By: Bishop Scott Jones On 8/14/2012
Topics: Bishop's Columns & Blogs
We have voted for change. When I say “we,” I mean more than two-thirds of the lay and clergy members of all three conferences: Kansas East, Kansas West and Nebraska. On January 1, 2014, we will become the Great Plains Annual Conference.
I do believe that we have made the right decision, but, as one of my friends said in an email, “Now, the real work begins.”
The new conference will have more than 200,000 lay people, nearly 1,000 congregations and almost 800 active elders, deacons, associate members and local pastors. God has blessed us with rich resources.
The hard work comes in discerning how God will best use those human resources for God’s purposes. We know that the mission of our church is unchanged, while the mission field of Nebraska and Kansas has changed since 1968 when we last formed annual conferences. We need to “rethink church.”
I am convinced that the United Methodist way of being Christian and doing church is the best answer possible for the 21st-century, American mission field. I’ll put my reasons in three categories.
First, our doctrine is the best possible interpretation of the whole Bible. Moreover, it speaks well to the spiritual needs of people who are looking for the meaning of life, a pathway to fulfillment and a purpose worth giving their lives for. When we talk about being disciples of Jesus Christ, we are talking about spiritual journeys.
We claim the fact that all human beings are special, created in the image of God and therefore valuable. We know that God’s prevenient grace is working in the life of every human being.
We also know that all human beings are sinners who have fallen short of God’s intention. Convincing grace is helping us name our problems from God’s perspective. We invite everyone to repentance, to turn their lives away from hate, anger, quarrels, drunkenness, injustice, immorality, greed, racism, sexism and all other forms of sin toward the love of God and neighbor that is our Creator’s intention.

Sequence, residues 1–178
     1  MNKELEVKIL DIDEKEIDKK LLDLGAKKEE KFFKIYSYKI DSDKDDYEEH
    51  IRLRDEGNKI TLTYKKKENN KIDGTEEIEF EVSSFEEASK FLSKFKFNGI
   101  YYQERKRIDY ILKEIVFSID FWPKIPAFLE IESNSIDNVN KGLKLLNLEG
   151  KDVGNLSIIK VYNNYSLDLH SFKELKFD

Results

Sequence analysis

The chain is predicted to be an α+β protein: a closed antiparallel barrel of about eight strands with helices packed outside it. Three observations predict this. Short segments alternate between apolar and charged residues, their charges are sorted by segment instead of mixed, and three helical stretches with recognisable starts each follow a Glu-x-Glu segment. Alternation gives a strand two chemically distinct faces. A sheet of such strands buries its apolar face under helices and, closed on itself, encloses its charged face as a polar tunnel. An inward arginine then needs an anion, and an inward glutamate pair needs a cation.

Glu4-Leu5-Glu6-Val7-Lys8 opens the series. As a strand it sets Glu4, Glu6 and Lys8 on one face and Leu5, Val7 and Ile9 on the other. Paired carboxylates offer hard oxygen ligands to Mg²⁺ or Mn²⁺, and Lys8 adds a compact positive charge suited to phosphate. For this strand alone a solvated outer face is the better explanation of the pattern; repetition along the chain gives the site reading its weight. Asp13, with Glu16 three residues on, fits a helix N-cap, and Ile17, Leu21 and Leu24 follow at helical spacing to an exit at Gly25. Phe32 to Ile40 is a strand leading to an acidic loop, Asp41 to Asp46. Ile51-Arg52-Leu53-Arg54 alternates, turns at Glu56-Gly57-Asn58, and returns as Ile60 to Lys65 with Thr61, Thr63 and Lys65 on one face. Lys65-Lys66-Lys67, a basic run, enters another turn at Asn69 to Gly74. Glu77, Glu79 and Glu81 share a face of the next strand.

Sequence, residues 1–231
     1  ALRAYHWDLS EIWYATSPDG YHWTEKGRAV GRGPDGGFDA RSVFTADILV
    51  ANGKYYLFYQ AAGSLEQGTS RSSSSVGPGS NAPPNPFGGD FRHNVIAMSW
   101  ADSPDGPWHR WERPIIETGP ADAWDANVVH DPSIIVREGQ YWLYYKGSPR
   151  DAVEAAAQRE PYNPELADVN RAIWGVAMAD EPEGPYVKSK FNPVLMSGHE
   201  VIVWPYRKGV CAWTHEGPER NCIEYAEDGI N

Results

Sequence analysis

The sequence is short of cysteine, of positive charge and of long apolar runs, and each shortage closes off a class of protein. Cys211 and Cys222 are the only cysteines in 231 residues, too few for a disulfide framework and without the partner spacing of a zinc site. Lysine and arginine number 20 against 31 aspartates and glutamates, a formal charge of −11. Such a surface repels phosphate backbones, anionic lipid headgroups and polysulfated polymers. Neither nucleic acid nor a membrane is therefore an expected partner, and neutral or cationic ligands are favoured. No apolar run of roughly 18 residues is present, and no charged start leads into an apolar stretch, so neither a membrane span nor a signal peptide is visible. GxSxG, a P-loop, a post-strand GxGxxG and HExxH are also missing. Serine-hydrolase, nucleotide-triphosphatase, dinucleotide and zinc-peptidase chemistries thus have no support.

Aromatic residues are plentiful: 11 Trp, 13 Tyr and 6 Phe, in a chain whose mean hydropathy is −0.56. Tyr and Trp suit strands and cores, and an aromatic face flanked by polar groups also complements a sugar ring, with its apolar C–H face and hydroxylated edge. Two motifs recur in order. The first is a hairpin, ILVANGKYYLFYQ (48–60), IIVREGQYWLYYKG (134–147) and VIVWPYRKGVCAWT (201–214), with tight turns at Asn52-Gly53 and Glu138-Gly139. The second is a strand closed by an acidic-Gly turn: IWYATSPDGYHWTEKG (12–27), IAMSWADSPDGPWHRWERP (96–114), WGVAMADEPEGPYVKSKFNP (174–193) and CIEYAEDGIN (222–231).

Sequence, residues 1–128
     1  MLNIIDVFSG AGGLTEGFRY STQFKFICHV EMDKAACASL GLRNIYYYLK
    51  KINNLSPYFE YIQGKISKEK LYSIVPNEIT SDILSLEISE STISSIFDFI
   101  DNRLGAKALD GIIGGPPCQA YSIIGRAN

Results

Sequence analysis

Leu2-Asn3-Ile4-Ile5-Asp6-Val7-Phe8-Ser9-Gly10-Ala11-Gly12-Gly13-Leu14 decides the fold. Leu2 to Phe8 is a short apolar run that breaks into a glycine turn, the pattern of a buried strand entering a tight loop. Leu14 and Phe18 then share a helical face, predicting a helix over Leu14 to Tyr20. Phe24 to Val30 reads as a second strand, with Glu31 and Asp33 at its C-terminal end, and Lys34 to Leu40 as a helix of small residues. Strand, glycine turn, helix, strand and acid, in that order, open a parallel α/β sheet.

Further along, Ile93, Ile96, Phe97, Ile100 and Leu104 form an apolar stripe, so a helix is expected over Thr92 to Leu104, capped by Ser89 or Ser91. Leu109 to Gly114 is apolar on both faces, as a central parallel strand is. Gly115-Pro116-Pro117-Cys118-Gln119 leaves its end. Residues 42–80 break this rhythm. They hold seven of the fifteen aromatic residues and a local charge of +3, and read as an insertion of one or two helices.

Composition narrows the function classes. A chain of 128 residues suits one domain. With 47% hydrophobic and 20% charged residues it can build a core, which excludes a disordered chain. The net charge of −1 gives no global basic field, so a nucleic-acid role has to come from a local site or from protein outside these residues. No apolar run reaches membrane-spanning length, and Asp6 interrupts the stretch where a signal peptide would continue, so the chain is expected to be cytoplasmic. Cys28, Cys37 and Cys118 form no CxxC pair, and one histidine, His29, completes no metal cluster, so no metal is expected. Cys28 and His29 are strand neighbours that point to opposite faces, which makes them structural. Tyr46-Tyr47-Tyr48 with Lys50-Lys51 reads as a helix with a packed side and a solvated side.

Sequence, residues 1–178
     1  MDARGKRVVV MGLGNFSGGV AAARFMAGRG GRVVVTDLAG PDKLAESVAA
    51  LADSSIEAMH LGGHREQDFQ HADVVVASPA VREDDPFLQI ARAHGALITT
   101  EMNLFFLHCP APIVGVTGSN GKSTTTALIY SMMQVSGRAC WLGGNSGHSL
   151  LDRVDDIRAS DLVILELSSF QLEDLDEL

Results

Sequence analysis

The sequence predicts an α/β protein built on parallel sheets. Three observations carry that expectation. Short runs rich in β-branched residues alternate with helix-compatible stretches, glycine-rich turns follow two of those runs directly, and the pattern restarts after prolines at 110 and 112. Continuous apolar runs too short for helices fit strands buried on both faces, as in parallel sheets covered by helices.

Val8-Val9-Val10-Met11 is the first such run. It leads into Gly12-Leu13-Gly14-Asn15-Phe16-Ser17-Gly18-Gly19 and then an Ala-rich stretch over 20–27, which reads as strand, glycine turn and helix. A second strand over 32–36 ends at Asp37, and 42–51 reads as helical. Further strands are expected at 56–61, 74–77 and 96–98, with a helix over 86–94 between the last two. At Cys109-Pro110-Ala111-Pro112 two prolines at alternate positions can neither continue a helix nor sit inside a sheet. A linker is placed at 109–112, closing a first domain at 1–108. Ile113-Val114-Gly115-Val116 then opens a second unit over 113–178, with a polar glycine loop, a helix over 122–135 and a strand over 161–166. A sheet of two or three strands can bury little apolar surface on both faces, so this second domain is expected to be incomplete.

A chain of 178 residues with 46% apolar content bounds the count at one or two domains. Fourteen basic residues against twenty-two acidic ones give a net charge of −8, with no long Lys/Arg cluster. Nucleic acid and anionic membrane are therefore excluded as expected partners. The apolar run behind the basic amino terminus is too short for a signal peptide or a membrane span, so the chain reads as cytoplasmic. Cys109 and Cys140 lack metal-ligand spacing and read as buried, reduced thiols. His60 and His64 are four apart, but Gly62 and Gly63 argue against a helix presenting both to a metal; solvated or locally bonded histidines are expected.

Convincing grace is operative in making that invitation. We know that we can do nothing to earn salvation and identities as daughters and sons of God.
Justifying grace is shaping our hearts and minds to say “yes” to God’s invitation through faith. It is the doorway through which we enter the Christian life. The Christian life is growing toward maturity—to become more and more Christ-like. It is the movement toward Christian perfection, toward being grown-up men and women and more filled with love.
Sanctifying grace is at work in the lives of all Christians. Saving faith is our response.
It is the Church that works as a means of grace helping people make spiritual progress. This disciple-making activity happens best in local congregations but also through our connectional ministries like camps and campus ministries. Disciples who are being sanctified give of their time, talents and money to be witnesses in ministries of justice, mercy and evangelism.
Second, our mission as a church is to be used by God to change lives and transform the whole world. Our mission statement, found in paragraphs 120-122 of the 2008 “United Methodist Book of Discipline,” is biblically based, grounded in our Wesleyan doctrine and sufficient for our future. When congregations are clear about their mission and disciplined in following it, great things happen. Our connectional church is seeking to increase the number of vital, disciple-making congregations.
Third, our core disciplines are excellent. Our connectional, episcopal polity has huge organizational advantages over other ways of being church.
However, our mistakes are allowing conferences and bishops to so over-regulate us that we have become rule-bound rather than nimble and bureaucratic rather than missional. We have to increase clarity about our mission, align our resources and focus our work on the task God so graciously has given us.
It is in this last area that the creation of a new conference holds the most promise. Our transition team has said that the most important thing the annual conference does is to recruit, equip and deploy leaders into the mission field. We have an incredible opportunity to pray, discern, discuss and plan how God can lead us to greater fruitfulness and faithfulness.
I am excited about the future of the Great Plains Annual Conference. The real work has begun, and we need to do it together.